pRNA Nanoparticles as Tools to Improve Human Pluripotent Stem Cell-based Transplantation Strategies for Retinal Degenerative Disease

  • Shu, Dan (PI)

Grants and Contracts Details


This project combines pRNA nanotechnology with human stem cell biology for the purpose of improving retinal cell transplantation strategies for atrophic AMD. We propose to use three-way junction pRNA (3WJpRNA), a nanoparticle with great therapeutic potential, as an innovative tool to temporarily label, sort, and improve viability of neuroretinal cells derived from human pluripotent stem cells (hPSCs). 3WJpRNA can be manufactured to carry three functional moieties, including fluorophores, small molecule inhibitors, and receptor ligands for cell-specific targeting. In collaboration with fellow BIMR member, Dr. Peixuan Guo (on as consultant), Dr. Shu and her TBN graduate student will test currently available fluorophore-conjugated 3WJpRNAs that target cells expressing folate or EGFR receptors, hypothesizing that these 3WJpRNAs will transiently label subpopulations of neuroretinal cell types within our hPSC optic vesicle cultures. In addition, Dr. Shu and her student will create a modified version of each of these 3WJpRNAs that includes an inhibitor of p160Rho-associated kinase (Y27632). The tracking and pro-survival properties of Y27632-containing 3WJpRNAs will be evaluated in hPSC-derived neuroretinal cells following FAC-sorting and transplantation into the P23H rat model. Overall, this project is designed to address a significant and unsolved problem facing stem cell transplantation: the need to enrich for and improve survival of selected neuroretinal progeny using a nontoxic, nonimmunogenic strategy that does not require permanent genetic modification. Although this application will be initially tested in a retinitis pigmentosa model, our findings will be directly relevant for all retinal degenerative diseases, including atrophic macular degeneration.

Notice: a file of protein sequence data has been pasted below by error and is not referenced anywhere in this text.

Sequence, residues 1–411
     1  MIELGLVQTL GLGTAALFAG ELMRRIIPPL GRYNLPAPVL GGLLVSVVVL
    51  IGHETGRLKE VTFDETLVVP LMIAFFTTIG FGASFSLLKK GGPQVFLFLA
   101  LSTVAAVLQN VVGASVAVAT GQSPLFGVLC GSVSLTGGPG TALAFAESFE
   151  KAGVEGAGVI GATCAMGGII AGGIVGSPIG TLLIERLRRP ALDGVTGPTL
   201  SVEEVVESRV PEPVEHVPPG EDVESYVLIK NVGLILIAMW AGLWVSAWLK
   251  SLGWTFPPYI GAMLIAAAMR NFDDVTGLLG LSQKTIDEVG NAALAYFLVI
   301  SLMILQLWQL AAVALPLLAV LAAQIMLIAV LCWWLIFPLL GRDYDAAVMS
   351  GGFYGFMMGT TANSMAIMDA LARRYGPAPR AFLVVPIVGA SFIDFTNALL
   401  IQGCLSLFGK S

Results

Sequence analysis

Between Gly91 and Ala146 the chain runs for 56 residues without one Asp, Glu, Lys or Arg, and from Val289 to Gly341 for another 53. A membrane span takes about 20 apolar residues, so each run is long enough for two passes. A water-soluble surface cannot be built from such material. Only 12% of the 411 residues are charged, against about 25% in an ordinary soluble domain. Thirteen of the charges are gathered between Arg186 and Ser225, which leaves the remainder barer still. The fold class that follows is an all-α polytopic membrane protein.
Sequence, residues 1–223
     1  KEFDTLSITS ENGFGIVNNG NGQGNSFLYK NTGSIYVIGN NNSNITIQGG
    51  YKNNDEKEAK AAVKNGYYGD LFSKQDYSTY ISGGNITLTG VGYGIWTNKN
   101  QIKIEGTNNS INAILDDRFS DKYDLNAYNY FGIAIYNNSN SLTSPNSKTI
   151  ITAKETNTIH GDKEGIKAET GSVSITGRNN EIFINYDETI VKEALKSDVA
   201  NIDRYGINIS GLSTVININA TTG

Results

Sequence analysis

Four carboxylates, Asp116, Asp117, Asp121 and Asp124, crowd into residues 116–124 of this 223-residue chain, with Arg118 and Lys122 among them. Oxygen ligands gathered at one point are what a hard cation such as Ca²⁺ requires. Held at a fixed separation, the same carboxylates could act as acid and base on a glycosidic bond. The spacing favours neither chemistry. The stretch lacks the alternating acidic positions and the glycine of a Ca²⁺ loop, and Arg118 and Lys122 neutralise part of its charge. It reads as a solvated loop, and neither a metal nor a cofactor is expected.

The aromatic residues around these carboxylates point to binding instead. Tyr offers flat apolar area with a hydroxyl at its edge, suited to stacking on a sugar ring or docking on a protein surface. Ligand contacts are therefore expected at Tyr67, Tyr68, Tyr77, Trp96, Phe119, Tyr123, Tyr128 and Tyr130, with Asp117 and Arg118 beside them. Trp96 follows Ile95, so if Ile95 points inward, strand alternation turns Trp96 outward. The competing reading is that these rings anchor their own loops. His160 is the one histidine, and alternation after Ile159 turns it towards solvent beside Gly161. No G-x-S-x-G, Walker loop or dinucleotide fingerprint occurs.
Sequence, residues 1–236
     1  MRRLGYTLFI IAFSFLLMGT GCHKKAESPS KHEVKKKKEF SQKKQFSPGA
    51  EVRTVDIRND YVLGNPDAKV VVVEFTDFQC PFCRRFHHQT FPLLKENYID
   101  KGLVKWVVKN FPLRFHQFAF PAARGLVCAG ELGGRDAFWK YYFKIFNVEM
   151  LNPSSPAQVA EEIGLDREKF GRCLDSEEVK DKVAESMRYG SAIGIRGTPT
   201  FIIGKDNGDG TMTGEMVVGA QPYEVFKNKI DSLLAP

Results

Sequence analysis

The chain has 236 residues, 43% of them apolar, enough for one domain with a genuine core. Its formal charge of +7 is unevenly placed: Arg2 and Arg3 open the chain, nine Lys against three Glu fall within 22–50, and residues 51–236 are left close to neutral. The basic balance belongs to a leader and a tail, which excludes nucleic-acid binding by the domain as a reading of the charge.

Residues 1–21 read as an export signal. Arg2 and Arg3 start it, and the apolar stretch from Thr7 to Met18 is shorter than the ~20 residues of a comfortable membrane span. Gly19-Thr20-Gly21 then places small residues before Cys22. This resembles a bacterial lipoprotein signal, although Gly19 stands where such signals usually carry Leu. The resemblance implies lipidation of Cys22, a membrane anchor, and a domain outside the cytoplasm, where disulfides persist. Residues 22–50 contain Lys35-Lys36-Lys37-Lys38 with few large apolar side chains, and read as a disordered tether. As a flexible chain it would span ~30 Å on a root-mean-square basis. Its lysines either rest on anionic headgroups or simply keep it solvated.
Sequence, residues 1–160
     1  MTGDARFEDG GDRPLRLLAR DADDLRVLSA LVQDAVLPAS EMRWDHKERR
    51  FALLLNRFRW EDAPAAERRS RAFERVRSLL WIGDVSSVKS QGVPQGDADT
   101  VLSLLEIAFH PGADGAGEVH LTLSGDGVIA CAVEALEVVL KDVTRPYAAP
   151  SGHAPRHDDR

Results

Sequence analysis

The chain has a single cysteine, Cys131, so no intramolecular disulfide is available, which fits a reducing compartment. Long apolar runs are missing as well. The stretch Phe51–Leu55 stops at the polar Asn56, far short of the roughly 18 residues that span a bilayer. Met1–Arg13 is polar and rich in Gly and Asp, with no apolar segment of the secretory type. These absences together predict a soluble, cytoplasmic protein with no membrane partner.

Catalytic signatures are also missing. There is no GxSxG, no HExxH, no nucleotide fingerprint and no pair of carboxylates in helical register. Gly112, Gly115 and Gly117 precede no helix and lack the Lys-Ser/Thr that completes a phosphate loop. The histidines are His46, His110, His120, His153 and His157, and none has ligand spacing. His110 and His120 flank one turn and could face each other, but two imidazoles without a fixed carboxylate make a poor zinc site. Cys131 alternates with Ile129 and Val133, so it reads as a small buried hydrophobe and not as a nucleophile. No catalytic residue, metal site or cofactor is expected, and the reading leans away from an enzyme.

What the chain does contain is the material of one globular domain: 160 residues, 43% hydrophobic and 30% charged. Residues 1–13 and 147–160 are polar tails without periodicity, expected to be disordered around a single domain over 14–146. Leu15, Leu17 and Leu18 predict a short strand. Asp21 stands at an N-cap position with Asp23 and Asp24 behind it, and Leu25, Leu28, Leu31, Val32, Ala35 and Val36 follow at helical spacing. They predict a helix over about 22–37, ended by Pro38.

Effective start/end date7/1/126/30/14


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